Can the Counter Claims Filed Against the Corporate Debtor be Stayed in Terms of the IBC Provisions During the Moratorium?

Can the Counter Claims Filed Against the Corporate Debtor be Stayed in Terms of the IBC Provisions During the Moratorium?

The question whether a counter claim filed against a Corporate Debtor is liable to be stayed during moratorium has been considered by the Courts/NCLT/NCLAT time and again.  Since its inception, the Insolvency & Bankruptcy Code, 2016 (hereinafter referred to as the “Code”) has been a hotbed of discussions and debates amongst the legal experts. Under the Code, the concept of moratorium is envisaged under Section 13 and 14 and provides for a time period within which the following against the Corporate Debtor are prohibited:  

  • Institution or continuation of pending suits or proceedings including execution proceedings;
  • transfer or alienation of any asset of the Corporate Debtor;
  • enforcement of any security interest created by the Corporate Debtor
  • Recovery of any property by any owner or lessor which is occupied by or is in the possession of the Corporate Debtor

Whether or not a counter claim can proceed against the corporate debtor during the period of moratorium came up for consideration before the  National Company Law Appellate Tribunal (“hereinafter referred to as “NCLAT”) in the matter of Jharkhand Bijli Vitran Nigam Ltd. Vs IVRCL Ltd[1]the  Tribunal was of the view that both the Claim and Counter Claim should be allowed to be proceeded by the Arbitral Tribunal. The reasoning of the Tribunal; however, was that since the Claim of the Corporate Debtor could only be determined after determination of counter claim, in such circumstances, both the proceedings ought to be allowed to continue.  

The said question again fell for consideration recently before the High Court of Delhi in SSMP Industries Ltd. Vs Perkan Food[2].  A bench comprising of Justice Pratibha M. Singh was adjudicating a suit for recovery that was filed by SSMP Industries Ltd. arising out of an agreement for sale and purchase of Totapari Mango Pulp. In the said suit, the Defendant filed a Counter Claim thereby stating that no amount is due and payable by it to the Plaintiff. Subsequently, the Plaintiff Company went into insolvency. 

While adjudicating the issue whether the adjudication of the counter claim is liable to be stayed during moratorium in view of Section 14 of the Insolvency and Bankruptcy Code, 2016, the contention of the Defendant that the counter-claim is inter-linked with the Claim of the Plaintiff was comprehensively looked into by the Court. After relying upon the judgments passed in Jharkhand Bijli Vitran Nigam Ltd. and Power Grid Corporation of India[3], the Court held that counter-claims cannot be blindly stayed by Courts and where it is integral to the recovery sought by the Plaintiff and forms part of the same transaction, in such cases, counter-claims ought not to be stayed.  However, it was also clarified by the Court that once the counter-claims are adjudicated and the amount to be paid/recovered is determined, at that stage or at the stage of the execution proceedings, the provisions as envisaged in Section 14 could be triggered by the Corporate Debtor.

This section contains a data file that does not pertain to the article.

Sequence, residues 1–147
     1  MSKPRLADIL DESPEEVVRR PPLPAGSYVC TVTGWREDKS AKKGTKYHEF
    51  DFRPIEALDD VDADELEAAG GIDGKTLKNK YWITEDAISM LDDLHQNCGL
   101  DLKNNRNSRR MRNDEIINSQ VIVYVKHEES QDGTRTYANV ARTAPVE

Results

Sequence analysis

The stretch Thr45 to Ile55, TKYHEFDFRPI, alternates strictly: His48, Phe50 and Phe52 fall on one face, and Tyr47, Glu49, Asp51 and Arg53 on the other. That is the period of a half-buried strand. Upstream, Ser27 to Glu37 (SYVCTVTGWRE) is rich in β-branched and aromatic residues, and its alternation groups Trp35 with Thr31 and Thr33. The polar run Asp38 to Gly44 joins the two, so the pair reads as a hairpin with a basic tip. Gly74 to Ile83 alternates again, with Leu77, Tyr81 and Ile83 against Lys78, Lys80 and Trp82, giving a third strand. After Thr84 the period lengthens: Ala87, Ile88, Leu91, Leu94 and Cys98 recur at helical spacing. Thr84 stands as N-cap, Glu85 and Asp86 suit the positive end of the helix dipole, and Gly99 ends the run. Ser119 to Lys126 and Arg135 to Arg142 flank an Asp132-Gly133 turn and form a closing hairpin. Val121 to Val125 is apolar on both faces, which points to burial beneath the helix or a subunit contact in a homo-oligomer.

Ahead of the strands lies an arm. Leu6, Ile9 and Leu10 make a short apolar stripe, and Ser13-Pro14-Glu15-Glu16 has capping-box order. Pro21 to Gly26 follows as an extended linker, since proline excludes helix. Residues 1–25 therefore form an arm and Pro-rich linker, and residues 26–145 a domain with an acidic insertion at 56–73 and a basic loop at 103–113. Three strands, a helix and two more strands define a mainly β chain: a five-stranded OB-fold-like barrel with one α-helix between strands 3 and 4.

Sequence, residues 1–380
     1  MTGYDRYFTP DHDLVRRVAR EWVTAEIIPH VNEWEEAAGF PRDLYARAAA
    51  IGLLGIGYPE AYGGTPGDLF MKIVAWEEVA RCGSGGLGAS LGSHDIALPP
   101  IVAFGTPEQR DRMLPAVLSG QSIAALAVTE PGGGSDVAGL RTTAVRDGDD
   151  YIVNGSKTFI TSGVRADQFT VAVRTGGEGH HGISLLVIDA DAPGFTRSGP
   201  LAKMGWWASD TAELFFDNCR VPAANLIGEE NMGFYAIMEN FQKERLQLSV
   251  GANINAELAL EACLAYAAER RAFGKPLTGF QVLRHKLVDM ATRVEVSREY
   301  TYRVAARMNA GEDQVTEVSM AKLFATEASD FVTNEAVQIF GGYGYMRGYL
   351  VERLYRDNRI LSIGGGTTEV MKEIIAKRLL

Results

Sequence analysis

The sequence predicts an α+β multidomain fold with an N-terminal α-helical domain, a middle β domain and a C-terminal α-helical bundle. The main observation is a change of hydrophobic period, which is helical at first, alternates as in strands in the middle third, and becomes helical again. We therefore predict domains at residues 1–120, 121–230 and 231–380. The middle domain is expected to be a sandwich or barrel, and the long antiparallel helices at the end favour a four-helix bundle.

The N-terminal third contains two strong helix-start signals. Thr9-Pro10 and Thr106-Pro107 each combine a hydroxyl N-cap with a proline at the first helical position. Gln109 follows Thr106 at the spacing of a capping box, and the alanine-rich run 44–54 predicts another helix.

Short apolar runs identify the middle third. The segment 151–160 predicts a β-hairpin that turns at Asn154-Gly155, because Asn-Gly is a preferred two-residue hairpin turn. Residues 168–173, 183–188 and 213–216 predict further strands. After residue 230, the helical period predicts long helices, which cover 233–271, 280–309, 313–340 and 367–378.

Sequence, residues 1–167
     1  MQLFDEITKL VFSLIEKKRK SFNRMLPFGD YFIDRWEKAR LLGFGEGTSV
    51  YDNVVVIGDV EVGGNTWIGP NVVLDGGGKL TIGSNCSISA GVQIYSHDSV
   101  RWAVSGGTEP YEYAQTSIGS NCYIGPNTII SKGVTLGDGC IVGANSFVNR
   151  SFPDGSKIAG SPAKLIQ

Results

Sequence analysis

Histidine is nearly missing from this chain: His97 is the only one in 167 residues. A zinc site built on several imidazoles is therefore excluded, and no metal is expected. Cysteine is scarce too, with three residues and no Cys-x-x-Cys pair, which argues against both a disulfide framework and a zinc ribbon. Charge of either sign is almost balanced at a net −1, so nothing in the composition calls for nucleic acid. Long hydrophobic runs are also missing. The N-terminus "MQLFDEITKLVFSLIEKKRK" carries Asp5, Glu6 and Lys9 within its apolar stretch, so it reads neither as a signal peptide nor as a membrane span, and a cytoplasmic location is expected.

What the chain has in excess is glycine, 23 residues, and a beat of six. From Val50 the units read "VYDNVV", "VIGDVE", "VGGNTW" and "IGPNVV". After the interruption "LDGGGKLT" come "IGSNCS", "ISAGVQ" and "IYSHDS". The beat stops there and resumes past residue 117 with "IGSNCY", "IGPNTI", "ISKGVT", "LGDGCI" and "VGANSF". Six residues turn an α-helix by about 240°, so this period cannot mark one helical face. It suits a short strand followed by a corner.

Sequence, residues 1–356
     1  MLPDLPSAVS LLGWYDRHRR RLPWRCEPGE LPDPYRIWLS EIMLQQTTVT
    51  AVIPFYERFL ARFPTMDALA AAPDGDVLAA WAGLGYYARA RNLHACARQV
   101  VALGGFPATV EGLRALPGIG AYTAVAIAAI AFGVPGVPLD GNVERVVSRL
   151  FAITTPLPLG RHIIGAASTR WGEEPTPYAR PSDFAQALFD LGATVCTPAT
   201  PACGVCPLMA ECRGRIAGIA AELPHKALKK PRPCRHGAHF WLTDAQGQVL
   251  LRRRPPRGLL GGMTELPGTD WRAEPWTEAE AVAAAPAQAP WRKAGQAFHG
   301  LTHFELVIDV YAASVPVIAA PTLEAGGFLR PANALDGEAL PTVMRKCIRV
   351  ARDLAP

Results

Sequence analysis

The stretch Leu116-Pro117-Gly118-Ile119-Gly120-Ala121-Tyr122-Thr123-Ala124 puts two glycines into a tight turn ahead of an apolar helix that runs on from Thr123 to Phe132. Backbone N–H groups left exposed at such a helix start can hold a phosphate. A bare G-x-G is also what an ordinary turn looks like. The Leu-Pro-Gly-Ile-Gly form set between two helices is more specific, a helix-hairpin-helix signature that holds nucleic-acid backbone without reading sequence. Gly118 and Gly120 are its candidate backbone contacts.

Although Section 14 of the Code serves as a statutory protection to Corporate Debtors, however, the recent trend of courts seems to be that stay of counter-claim during moratorium is no longer a blanket protection granted to Corporate Debtors and until and unless, the proceeding has the effect of endangering, diminishing, dissipating or adversely impacting the assets of the Corporate Debtor, counter-claims can very well continue. However, the courts would have to consider in facts and circumstances of each case the nature of the counter claim and whether or not the purpose and intent behind the imposition of moratorium is being satisfied or defeated.   Company Appeal (AT) (Insolvency) No. 285 of 2018)  2019(177)DRJ473  Power Grid Corporation of India Vs Jyoti Structures Ltd.  (2018) 246 DLT 485+  


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